Japan revokes South Korea's trusted trade status, further escalating row

28, Aug. 2019

(Hiroshige Seko)
(Hiroshige Seko)

TOKYO, Kyodo - Japan revoked South Korea's status as a trusted trade partner on Wednesday, a move that is certain to add fuel to the diplomatic row between the neighboring countries.

South Korea was taken off a list of countries that enjoy minimum trade restrictions on goods such as electronic components that can be diverted for military use. The measure, approved by Prime Minister Shinzo Abe and his Cabinet earlier in the month, took effect at midnight.

Countries other than the 26 remaining on the “white list” must receive case-by-case approval from the Ministry of Economy, Trade and Industry before such goods can be exported.

On Tuesday, trade minister Hiroshige Seko vowed to go through with the move despite criticism that it was intended to strike a blow on the South Korean economy.

“This is a domestic decision aimed at implementing the appropriate export controls. It's not meant to impact relations between Japan and South Korea,” he told a press conference.

South Korean President Moon Jae In had warned that the move would have repercussions. Last week, the presidential Blue House announced the termination of a military intelligence-sharing pact with Japan that helps the U.S. allies counter missile threats from North Korea.

Lee Nak Yeon, South Korea's prime minister, said Monday the decision to pull out of the General Security of Military Information Agreement, or GSOMIA, could be reconsidered if Japan cancels its trade measures

But Seko rejected the olive branch, saying the issue of trade controls is in a “completely different dimension” from military intelligence. “I can't at all understand why South Korea would connect the two.”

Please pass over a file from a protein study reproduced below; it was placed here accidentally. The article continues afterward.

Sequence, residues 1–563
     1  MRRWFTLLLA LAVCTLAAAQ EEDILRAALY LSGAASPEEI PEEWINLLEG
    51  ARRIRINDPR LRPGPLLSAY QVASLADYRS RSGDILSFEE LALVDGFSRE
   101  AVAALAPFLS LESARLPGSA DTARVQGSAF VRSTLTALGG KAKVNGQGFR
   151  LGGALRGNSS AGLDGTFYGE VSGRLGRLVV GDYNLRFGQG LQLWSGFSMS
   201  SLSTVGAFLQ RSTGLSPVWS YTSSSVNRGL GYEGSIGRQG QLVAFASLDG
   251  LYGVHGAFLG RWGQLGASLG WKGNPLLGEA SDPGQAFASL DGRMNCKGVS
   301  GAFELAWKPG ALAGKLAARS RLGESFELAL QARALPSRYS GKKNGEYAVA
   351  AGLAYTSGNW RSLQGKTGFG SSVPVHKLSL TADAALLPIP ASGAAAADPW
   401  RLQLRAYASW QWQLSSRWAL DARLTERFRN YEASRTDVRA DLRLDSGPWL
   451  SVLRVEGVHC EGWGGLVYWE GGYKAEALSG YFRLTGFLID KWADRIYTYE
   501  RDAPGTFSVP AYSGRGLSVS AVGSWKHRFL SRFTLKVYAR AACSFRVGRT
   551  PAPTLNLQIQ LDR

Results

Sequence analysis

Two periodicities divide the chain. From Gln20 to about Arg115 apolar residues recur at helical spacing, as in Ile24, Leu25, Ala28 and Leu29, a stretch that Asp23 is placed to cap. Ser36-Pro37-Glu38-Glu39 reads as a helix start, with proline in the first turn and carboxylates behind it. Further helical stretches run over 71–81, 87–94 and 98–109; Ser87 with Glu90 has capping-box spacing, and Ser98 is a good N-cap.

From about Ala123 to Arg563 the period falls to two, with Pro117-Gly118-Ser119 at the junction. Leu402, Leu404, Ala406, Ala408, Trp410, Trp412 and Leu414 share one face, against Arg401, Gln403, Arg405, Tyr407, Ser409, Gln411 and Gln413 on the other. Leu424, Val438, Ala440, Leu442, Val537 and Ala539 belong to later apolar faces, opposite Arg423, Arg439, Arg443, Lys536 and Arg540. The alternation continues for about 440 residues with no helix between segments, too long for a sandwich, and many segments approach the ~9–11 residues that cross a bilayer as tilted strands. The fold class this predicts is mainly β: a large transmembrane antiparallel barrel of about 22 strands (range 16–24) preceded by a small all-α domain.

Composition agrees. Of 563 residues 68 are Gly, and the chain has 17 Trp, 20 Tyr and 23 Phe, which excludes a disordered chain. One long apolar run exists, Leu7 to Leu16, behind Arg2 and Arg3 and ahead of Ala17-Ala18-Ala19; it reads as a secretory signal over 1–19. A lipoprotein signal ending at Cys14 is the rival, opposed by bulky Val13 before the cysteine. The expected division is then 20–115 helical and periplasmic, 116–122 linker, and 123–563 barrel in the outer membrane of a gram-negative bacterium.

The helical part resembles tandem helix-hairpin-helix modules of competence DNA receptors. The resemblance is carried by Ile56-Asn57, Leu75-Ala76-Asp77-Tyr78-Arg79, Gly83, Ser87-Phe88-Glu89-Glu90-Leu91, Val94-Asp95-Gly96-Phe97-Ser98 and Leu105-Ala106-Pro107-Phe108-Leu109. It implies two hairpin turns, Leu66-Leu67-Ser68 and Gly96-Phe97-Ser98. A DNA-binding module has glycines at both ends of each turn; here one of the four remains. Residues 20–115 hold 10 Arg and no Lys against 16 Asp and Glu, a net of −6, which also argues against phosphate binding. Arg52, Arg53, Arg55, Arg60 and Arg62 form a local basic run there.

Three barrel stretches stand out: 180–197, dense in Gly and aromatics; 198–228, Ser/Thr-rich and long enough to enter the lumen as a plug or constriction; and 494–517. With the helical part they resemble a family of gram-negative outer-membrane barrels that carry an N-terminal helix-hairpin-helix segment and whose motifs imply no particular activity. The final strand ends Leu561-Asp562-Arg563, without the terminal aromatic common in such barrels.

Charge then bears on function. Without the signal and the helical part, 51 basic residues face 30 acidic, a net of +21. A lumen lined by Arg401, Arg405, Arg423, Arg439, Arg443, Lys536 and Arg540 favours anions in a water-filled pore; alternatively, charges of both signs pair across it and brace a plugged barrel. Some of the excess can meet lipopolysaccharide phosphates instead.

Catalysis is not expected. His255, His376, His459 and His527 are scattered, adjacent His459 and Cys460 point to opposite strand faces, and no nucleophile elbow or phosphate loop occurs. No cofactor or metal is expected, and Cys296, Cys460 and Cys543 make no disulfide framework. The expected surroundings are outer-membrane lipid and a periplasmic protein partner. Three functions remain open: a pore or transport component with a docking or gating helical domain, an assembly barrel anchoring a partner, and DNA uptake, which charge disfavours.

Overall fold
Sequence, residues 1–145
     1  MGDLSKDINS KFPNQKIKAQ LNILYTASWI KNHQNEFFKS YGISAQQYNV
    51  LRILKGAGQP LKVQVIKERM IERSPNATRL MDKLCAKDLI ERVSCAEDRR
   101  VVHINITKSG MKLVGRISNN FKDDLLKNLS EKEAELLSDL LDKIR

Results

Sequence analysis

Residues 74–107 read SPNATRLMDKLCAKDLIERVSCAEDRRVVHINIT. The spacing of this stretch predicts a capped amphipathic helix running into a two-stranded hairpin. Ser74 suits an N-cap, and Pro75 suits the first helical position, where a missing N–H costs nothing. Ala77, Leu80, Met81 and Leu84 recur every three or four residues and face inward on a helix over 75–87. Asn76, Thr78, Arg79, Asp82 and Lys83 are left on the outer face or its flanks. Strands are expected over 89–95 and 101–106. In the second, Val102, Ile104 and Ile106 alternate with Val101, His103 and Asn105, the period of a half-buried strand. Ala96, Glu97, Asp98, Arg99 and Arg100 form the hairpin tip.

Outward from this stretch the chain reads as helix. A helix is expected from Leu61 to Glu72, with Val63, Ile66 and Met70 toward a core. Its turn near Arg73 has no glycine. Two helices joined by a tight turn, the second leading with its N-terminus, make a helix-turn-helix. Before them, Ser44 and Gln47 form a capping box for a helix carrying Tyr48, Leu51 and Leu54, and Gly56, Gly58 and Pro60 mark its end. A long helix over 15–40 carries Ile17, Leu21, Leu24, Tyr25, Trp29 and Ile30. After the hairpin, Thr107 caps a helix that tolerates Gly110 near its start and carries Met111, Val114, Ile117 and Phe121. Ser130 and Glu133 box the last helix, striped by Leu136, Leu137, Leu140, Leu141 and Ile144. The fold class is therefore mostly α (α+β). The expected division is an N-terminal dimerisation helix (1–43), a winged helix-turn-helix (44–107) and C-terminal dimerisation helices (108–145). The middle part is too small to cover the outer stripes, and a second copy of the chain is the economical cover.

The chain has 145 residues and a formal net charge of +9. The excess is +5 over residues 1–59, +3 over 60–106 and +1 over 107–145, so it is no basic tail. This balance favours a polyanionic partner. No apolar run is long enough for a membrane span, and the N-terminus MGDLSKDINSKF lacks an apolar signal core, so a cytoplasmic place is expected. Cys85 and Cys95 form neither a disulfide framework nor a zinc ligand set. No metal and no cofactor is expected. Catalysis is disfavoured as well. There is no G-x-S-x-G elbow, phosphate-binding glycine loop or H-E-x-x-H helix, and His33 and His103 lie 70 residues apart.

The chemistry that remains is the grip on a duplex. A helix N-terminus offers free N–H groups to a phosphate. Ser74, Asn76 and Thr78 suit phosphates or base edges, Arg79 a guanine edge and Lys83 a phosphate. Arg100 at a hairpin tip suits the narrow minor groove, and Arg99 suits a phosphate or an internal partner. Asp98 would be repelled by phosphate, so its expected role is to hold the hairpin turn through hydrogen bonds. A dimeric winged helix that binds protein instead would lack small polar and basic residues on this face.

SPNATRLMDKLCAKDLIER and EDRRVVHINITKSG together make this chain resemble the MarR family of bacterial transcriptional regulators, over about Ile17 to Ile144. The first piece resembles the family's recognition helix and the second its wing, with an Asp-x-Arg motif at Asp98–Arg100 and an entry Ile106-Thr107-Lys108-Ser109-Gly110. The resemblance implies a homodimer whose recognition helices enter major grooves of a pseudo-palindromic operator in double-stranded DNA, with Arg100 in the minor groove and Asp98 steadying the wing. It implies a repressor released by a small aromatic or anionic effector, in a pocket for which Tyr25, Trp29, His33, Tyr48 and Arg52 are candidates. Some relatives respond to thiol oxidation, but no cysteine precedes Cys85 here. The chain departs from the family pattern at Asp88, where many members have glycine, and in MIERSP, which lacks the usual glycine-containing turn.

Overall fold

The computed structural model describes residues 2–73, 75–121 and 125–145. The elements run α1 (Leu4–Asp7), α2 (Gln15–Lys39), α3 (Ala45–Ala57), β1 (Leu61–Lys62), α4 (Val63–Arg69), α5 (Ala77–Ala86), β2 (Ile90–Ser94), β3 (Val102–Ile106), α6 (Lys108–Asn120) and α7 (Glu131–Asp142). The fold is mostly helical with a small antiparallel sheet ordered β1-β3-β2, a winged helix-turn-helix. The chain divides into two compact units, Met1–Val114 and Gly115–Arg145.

Japan had already implemented in July tighter controls on exports of some materials needed by South Korean manufacturers of semiconductors and display panels including Samsung Electronics Co. and SK Hynix Inc.

The move was widely seen as retaliation for South Korean court decisions last year ordering compensation to be paid to people claiming to have been forced to work in Japanese factories during Japan's colonial rule of the Korean Peninsula from 1910 to 1945.

Japan maintains that the issue of compensation was settled “finally and completely” by a 1965 bilateral agreement under which it provided South Korea with $500 million in financial aid.

Japan will remove South Korea from a “white list” of 27 countries that enjoy minimum trade restrictions on sensitive goods including electronic components. Unlisted countries must receive case-by-case approval from the Ministry of Economy, Trade and Industry before such goods can be exported.

The measure is set to take effect at midnight Tuesday having already been approved by the Cabinet of Prime Minister Shinzo Abe.

Seoul has reacted strongly, saying last week it will terminate a military intelligence-sharing pact with Tokyo that helps the U.S. allies counter missile threats from North Korea.

South Korean Prime Minister Lee Nak Yeon said Monday the decision to pull out of the General Security of Military Information Agreement, or GSOMIA, could be reconsidered if Tokyo cancels its trade measures, an olive branch Seko rejected.

Trade controls as an issue are in a “completely different dimension” from military intelligence, Seko said, adding that he “can't at all understand why South Korea would connect the two.”

Tokyo has already implemented tighter controls on exports of some materials needed by South Korean manufacturers of semiconductors and display panels including Samsung Electronics Co. and SK Hynix Inc.

Seoul views the move as retaliation for South Korean court decisions last year ordering reparations be paid to people claiming to have been forced to work in Japanese factories during Japan's colonial rule of the Korean Peninsula from 1910 to 1945.

Japan maintains that the issue of compensation was settled “finally and completely” by a 1965 bilateral agreement under which it provided South Korea with $500 million in financial aid. (Kyodo)

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